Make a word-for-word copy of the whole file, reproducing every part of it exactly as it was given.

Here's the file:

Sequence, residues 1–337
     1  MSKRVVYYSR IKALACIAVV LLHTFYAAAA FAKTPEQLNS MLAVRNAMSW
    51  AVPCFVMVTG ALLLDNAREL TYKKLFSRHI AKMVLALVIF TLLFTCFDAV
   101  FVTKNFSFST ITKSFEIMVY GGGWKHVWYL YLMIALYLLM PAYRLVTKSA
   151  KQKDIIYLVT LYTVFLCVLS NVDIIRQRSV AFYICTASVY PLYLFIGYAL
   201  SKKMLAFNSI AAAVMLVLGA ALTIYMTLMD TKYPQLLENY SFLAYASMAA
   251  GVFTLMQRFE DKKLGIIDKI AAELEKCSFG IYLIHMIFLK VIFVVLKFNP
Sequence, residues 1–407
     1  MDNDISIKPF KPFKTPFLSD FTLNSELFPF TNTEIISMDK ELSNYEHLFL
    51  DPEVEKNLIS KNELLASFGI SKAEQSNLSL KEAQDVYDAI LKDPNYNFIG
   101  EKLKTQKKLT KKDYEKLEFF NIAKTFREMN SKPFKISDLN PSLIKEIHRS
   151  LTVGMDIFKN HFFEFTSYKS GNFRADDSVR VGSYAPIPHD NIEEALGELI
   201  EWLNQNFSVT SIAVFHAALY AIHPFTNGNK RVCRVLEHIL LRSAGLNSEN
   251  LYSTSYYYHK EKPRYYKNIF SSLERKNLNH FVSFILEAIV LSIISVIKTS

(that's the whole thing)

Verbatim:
Sequence, residues 1–337
     1  MSKRVVYYSR IKALACIAVV LLHTFYAAAA FAKTPEQLNS MLAVRNAMSW
    51  AVPCFVMVTG ALLLDNAREL TYKKLFSRHI AKMVLALVIF TLLFTCFDAV
   101  FVTKNFSFST ITKSFEIMVY GGGWKHVWYL YLMIALYLLM PAYRLVTKSA
   151  KQKDIIYLVT LYTVFLCVLS NVDIIRQRSV AFYICTASVY PLYLFIGYAL
   201  SKKMLAFNSI AAAVMLVLGA ALTIYMTLMD TKYPQLLENY SFLAYASMAA
   251  GVFTLMQRFE DKKLGIIDKI AAELEKCSFG IYLIHMIFLK VIFVVLKFNP
Sequence, residues 1–407
     1  MDNDISIKPF KPFKTPFLSD FTLNSELFPF TNTEIISMDK ELSNYEHLFL
    51  DPEVEKNLIS KNELLASFGI SKAEQSNLSL KEAQDVYDAI LKDPNYNFIG
   101  EKLKTQKKLT KKDYEKLEFF NIAKTFREMN SKPFKISDLN PSLIKEIHRS
   151  LTVGMDIFKN HFFEFTSYKS GNFRADDSVR VGSYAPIPHD NIEEALGELI
   201  EWLNQNFSVT SIAVFHAALY AIHPFTNGNK RVCRVLEHIL LRSAGLNSEN
   251  LYSTSYYYHK EKPRYYKNIF SSLERKNLNH FVSFILEAIV LSIISVIKTS